Killed in a truck crash 5/4/13


Frank and Marchelle Wood

Falls Church, VA

Volunteers, Truck Safety Coalition

Parents of Dana Wood

Killed in a truck crash 10/15/02


Jackie Novak

Edneyville, NC

Volunteer, Truck Safety Coalition

Mother of Charles “Chuck” Novak

Killed in a truck crash 10/24/10


Bruce King

Davisburg, MI

Volunteer, Truck Safety Coalition

Son-in-law of Bill Badger

Killed in truck crash 12/23/04


Ron Wood

Washington, D.C.

Volunteer, Truck Safety Coalition

Son of Betsy Wood, Brother of Lisa Wood Martin, Uncle of Chance, Brock, and Reid Martin

Killed in a truck crash 9/20/04


Gary Wilburn

Weatherford, OK

Volunteer, Truck Safety Coalition

Father of Orbie Wilburn

Killed in a truck crash 9/2/02


Melissa Gouge

Washington, D.C.

Volunteer, Truck Safety Coalition

Cousin of Amy Corbin

Killed in a truck crash 8/18/97


Julie Branon Magnan

South Burlington, VT

Volunteer, Truck Safety Coalition

Injured in a truck crash 01/31/02

Wife of David Magnan

Killed in a truck crash 01/31/02


Nancy Meuleners

Bloomington, MN

Volunteer, Truck Safety Coalition

Injured in a truck crash 12/19/89


Cindy Southern

Cleveland, TN

Volunteer, Truck Safety Coalition

Wife of James Whitaker, sister-in-law Anthony Hixon and aunt of Amber Hixon

Killed in a truck crash 9/18/09


Kim Telep

Harrisburg, PA

Volunteer, Truck Safety Coalition

Wife of Bradley Telep

Killed in a truck crash 8/29/12


Christina Mahaney

Jackman, ME

Volunteer, Truck Safety Coalition

Injured in a truck crash 7/19/2011

Mother of Liam Mahaney

Killed in a truck crash 7/19/2011


Sandra Lance

Chesterfield, VA

Volunteer, Truck Safety Coalition

Mother of Kristen Belair

Killed in a truck crash 8/26/09


Alan Dana

Plattsburgh, NY

Volunteer, Truck Safety Coalition

Son of Janet Dana, Uncle of Caitlyn & Lauryn Dana, Brother-in-law of Laurie Dana

Killed in a truck crash 7/19/12


Lisa Shrum

Fayette, MO

Volunteer, Truck Safety Coalition

Daughter of Virginia Baker, Step-daughter of Randy Baker

Killed in a truck crash 10/10/06


Henry Steck

Homer, NY

Volunteer, Truck Safety Coalition



[1] An Analysis of Truck Size and Weight: Phase I – Safety, Multimodal Transportation & Infrastructure Consortium, November 2013; Memorandum from J. Matthews, Rahall Appalachian Transportation Institute, Sep. 29, 2014; The U.S. Department of Transportation’s Comprehensive Truck Size and Weight Study: Volume III Scenario Analysis, Chapter VIII: Safety, FHWA-PL-00-029 (Volume III) (August 2000).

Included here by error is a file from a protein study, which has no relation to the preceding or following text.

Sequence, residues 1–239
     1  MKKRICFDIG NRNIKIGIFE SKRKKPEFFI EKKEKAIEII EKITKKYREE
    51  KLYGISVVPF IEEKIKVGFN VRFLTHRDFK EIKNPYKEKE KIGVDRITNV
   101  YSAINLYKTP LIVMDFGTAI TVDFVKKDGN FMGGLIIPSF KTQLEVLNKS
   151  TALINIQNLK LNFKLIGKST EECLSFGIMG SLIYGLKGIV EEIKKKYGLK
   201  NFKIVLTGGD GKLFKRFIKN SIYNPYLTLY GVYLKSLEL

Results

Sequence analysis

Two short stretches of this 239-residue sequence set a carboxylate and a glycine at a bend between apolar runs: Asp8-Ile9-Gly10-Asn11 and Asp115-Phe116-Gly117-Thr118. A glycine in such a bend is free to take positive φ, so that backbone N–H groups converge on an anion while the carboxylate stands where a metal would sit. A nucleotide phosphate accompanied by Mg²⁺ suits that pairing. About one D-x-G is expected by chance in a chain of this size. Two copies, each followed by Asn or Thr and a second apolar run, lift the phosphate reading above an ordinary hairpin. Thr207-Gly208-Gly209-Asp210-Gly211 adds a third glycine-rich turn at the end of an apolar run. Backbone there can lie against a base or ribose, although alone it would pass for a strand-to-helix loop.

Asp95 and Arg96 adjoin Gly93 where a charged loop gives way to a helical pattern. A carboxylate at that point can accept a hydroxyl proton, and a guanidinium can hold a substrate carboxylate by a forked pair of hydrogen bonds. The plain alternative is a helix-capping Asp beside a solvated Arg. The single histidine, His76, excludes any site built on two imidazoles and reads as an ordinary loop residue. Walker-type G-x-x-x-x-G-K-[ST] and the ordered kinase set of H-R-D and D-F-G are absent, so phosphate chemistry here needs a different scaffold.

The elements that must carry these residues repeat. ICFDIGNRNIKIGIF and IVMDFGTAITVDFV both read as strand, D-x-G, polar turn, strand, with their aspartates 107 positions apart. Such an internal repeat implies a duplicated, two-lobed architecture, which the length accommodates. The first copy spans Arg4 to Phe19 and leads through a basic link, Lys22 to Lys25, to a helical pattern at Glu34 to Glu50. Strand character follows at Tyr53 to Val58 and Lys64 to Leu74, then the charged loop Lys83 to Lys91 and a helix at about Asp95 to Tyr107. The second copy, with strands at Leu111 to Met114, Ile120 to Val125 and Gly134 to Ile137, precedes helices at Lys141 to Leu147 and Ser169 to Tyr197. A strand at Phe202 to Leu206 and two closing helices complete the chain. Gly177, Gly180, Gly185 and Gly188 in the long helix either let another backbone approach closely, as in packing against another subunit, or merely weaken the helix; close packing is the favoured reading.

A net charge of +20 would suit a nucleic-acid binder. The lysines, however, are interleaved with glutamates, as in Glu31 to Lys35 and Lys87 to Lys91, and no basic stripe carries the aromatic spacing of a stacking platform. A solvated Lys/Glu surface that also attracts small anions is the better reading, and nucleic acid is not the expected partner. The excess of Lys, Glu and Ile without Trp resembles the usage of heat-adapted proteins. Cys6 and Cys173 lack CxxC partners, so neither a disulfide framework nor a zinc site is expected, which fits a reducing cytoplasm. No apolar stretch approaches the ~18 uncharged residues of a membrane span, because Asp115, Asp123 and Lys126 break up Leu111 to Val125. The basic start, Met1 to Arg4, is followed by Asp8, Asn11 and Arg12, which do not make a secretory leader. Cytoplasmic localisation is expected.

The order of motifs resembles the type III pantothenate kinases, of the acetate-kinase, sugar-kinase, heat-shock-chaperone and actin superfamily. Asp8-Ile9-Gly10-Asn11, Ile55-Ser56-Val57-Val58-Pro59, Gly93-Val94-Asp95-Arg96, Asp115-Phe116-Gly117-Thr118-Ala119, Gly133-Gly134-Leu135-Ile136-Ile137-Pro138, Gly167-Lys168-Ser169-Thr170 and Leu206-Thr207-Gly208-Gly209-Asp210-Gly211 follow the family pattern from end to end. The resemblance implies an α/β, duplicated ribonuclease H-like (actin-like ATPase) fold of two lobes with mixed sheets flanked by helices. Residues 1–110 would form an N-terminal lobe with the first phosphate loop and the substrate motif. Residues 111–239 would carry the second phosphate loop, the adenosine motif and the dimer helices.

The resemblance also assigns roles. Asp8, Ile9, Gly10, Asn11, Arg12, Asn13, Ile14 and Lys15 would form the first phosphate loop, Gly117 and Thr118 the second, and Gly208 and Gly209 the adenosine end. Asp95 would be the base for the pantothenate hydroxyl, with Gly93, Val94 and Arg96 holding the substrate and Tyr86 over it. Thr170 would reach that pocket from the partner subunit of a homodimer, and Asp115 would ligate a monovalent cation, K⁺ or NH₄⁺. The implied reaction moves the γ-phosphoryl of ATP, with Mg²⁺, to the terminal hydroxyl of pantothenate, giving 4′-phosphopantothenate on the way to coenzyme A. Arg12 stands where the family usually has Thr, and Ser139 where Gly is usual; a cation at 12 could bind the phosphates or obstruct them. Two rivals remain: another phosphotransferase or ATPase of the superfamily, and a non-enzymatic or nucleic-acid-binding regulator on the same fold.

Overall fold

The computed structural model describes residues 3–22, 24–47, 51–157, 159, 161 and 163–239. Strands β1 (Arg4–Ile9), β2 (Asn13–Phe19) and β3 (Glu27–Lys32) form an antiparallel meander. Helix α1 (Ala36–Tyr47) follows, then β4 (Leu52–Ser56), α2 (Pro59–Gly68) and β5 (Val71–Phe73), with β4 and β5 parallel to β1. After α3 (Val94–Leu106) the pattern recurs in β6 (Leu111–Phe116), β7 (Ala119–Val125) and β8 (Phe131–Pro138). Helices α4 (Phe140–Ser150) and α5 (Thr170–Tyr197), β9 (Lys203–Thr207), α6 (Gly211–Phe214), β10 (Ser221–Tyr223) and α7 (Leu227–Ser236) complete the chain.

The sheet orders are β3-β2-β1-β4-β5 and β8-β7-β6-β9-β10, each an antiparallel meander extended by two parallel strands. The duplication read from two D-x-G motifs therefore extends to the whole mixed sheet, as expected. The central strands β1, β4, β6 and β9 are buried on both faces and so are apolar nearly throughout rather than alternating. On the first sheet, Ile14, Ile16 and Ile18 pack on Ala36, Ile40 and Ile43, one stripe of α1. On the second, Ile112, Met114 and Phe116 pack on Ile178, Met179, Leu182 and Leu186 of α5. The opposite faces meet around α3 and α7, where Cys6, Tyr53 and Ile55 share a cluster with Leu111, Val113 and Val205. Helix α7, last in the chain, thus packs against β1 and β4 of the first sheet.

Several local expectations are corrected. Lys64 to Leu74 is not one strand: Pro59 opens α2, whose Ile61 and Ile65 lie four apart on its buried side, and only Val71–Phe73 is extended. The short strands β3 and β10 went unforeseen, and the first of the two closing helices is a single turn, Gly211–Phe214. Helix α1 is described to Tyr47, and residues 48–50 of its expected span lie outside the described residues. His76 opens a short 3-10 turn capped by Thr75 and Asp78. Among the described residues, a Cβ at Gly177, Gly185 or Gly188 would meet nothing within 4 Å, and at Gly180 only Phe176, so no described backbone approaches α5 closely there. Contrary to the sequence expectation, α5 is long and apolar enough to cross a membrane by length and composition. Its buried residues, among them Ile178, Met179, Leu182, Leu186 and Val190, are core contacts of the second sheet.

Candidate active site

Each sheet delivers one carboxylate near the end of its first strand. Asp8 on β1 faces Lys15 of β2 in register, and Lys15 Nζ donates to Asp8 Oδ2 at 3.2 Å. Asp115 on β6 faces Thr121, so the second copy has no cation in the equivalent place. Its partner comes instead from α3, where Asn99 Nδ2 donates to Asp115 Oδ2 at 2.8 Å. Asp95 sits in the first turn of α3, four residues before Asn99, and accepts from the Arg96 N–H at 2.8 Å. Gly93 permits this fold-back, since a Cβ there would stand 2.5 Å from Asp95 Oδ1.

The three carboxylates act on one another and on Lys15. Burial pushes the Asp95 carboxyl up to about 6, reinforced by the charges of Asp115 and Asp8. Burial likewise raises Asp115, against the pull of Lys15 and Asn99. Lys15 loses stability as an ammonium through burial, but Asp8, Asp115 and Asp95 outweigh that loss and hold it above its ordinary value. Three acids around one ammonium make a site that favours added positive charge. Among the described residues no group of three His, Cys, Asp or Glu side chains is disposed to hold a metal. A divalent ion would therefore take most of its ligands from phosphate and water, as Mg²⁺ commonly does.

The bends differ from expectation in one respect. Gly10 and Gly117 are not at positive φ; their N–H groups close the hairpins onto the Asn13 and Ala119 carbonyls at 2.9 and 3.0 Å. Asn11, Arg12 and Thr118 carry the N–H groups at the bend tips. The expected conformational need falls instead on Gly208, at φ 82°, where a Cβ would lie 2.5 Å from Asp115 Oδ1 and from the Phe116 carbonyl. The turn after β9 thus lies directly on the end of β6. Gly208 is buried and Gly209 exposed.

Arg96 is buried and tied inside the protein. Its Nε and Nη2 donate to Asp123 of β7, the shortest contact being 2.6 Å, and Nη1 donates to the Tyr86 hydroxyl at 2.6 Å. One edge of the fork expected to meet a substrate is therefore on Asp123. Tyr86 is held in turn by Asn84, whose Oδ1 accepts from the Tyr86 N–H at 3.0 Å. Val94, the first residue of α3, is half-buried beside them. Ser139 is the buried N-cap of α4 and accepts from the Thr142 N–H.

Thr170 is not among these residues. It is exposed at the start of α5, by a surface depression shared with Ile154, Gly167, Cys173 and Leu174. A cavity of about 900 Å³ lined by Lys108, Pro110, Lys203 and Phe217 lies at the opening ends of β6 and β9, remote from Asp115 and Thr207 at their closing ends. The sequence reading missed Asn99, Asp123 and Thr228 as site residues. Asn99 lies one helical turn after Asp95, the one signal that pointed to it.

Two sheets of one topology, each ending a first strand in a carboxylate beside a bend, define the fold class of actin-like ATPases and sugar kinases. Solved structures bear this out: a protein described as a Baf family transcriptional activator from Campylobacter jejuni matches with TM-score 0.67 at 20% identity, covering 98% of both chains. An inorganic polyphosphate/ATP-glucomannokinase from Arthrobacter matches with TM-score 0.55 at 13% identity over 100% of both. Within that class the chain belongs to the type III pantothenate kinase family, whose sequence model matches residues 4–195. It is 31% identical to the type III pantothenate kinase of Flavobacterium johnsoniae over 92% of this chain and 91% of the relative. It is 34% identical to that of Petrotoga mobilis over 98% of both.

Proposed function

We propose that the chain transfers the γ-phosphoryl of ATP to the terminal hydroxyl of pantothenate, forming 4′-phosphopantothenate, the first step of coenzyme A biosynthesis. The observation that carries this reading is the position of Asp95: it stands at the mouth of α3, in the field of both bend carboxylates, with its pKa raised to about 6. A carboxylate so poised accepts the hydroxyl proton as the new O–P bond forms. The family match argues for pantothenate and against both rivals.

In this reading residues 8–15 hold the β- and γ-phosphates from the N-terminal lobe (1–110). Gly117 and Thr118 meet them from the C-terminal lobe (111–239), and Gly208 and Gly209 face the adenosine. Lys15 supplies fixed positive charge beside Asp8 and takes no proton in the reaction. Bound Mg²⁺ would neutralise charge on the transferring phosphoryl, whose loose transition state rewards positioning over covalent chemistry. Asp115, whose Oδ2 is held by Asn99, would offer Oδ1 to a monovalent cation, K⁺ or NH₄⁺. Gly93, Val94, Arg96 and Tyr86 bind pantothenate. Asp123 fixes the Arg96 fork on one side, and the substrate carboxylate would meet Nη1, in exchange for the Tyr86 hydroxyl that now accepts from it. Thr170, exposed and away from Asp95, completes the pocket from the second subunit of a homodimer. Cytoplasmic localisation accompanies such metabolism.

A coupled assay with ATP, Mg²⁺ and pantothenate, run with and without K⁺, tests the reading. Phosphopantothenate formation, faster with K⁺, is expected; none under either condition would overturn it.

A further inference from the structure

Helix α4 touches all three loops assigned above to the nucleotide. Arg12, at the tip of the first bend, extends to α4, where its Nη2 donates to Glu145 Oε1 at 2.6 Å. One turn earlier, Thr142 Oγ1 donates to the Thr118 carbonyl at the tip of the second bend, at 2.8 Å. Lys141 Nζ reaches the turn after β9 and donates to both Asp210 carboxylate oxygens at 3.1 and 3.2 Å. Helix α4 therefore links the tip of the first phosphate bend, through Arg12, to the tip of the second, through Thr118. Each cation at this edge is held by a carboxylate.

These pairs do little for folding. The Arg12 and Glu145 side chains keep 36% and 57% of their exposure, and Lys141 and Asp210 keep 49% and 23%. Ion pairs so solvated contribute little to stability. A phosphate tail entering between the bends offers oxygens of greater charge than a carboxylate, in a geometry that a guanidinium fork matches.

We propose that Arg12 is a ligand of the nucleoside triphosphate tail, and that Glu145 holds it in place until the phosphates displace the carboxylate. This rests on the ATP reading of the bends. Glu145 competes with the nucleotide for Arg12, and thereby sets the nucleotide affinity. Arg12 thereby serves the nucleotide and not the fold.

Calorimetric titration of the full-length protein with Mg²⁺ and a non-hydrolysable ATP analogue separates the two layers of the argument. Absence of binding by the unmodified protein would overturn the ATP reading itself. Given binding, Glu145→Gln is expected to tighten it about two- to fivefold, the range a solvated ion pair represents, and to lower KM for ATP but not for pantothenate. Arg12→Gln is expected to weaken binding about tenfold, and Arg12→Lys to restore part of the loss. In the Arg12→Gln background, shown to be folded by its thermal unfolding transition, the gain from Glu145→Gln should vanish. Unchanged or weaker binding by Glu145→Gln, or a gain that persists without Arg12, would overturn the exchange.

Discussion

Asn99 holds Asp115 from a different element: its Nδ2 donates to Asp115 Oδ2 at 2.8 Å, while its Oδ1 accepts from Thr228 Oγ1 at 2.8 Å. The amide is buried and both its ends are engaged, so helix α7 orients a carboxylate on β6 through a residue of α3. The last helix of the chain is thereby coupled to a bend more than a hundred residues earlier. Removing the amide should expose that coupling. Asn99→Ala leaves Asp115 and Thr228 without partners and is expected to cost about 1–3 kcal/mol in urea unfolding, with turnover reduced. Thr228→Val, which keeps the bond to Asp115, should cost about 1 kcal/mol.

[2] DOT Transmittal letters to Congress, June 5, 2015.

[3] Comprehensive Truck Size and Weight Limits Study: Modal Shift Comparative Analysis Technical Report, Table 22, p. 52 (June 2015).

[4] Comprehensive Truck Size and Weight Limits Study: Bridge Structure Comparative Analysis Technical Report, Table ES-2, p. ES-7 (June 2015).

[5] Comprehensive Truck Size and Weight Limits Study: Pavement Comparative Analysis Technical Report, Table ES-2, p. ES-8 (June 2015).

[6] Comprehensive Truck Size and Weight Limits Study: Volume 1: Technical Reports Summary, p. ES-5 (June 2015).

[7] Comprehensive Truck Size and Weight Limits Study: Modal Shift Comparative Analysis Technical Report, Table 24, p. 54 (June 2015).

[8] Comprehensive Truck Size and Weight Limits Study: Volume 1: Technical Reports Summary, p. ES-5 (June 2015).

[9] Woodrooffe, J., De Pont, J., (2011, April 11) Comparative Performance Evaluation of Proposed 33 ft Double Trailers Combinations with Existing 28 ft Double Trailers, p. 19.

[10] Traffic Safety Facts 2013: A Compilation of Motor Vehicle Crash Data from the Fatality Analysis Reporting System and the General Estimates System, DOT HS 812 139, Table 9, p. 34, NHTSA (2015).

[11] Comprehensive Truck Size and Weight Limits Study: Volume 1: Technical Reports Summary, p. ES-5 (June 2015).

[12] Woodrooffe, J., De Pont, J., Comparative Performance Evaluation of Proposed 33 ft Double Trailers Combinations with Existing 28 ft Double Trailers, p. 20. (April 11, 2011)

[13] Comparative Evaluation of Rail and Truck Fuel Efficiency on Competitive Corridors, Federal Railroad Administration, Nov. 19, 2009.